I liked them because they are over-the-top ("see the drama unfold"). Think of all the hysteria over the Death of Socrates, and add stray arrows, and dancing over severed heads. And fabulous necklaces or scraps of loincloth. Mark thinks the over-the-top parts are stupid, but he likes the technique. I like allegory in general and convoluted allegory especially, and I liked some of the sullen expressions in the paintings. And tableaux: it's true, if I could live my life going from one fabulous tableaux to the next, I'd be... well, maybe not happy all the time, but certainly it would be fun.
The body language of the nymph turning away from Paris was great, and all the outstretched hands in every piece were fun.
I wasn't especially wild about the painting from just before the French Revolution, as these tended to feature children being shot with arrows or stabbed with swords.
I think the most effective part of the display was walking around a corner and being confronted by the anatomy paintings. Mark had warned me about these, and still I was surprised. The most impressive painting was a warrior in a fighter's stance, and the artist had painted the musculature and bones underneath the skin on half of the figure.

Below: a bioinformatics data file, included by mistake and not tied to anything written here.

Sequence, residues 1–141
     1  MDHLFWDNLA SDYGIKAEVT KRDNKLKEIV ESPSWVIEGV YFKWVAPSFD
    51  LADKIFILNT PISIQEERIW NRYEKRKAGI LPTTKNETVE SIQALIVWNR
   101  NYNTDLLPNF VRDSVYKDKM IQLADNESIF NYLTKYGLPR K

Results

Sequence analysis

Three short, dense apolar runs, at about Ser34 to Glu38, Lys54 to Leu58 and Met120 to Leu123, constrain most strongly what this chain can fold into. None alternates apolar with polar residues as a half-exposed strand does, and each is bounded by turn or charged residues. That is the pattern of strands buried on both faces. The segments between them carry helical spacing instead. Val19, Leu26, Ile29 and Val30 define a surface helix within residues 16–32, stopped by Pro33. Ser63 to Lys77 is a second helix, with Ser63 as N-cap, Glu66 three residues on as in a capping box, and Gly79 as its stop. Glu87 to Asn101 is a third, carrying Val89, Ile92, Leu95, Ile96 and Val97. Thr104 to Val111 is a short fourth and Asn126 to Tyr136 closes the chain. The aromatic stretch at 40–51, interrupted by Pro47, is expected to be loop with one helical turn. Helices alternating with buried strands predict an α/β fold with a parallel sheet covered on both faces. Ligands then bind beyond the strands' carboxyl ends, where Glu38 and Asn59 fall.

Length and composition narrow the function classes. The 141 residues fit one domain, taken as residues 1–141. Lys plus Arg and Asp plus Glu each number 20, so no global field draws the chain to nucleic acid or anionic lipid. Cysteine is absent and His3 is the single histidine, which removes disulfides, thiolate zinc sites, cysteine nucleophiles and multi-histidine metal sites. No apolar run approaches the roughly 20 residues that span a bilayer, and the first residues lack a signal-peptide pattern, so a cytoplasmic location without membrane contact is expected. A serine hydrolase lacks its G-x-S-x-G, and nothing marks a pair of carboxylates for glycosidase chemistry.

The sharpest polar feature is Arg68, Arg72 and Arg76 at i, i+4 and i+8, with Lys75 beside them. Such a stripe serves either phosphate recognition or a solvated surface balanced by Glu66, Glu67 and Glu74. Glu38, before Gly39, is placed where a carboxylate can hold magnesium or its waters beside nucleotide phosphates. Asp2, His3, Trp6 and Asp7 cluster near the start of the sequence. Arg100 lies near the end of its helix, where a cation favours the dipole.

A painting of Icarus and Daedalus reminded me of the funny captions recently given to a slew of Icarus paintings. The one in this exhibit wasn't particularly buff, but it was easy to imagine him suggesting, "But Dad, put these feathers will make me stand out more when I'm up in the sky."
Early on in the exhibit there was a statement about how the students of the academy spent much of their time painting or sculpting the male nude. The idea was that the male nude was something God made and therefore a something that was divine and worthy depicting the heroic. Mark thinks this is propaganda, but what I think is interesting is how we went culturally from the nude male body being divine and heroic to it being a subversive statement of (homo) erotic desire.
I missed the cartoon at the end making fun of all the figures holding their arms out, up, or imperiously. So we'll have to go back.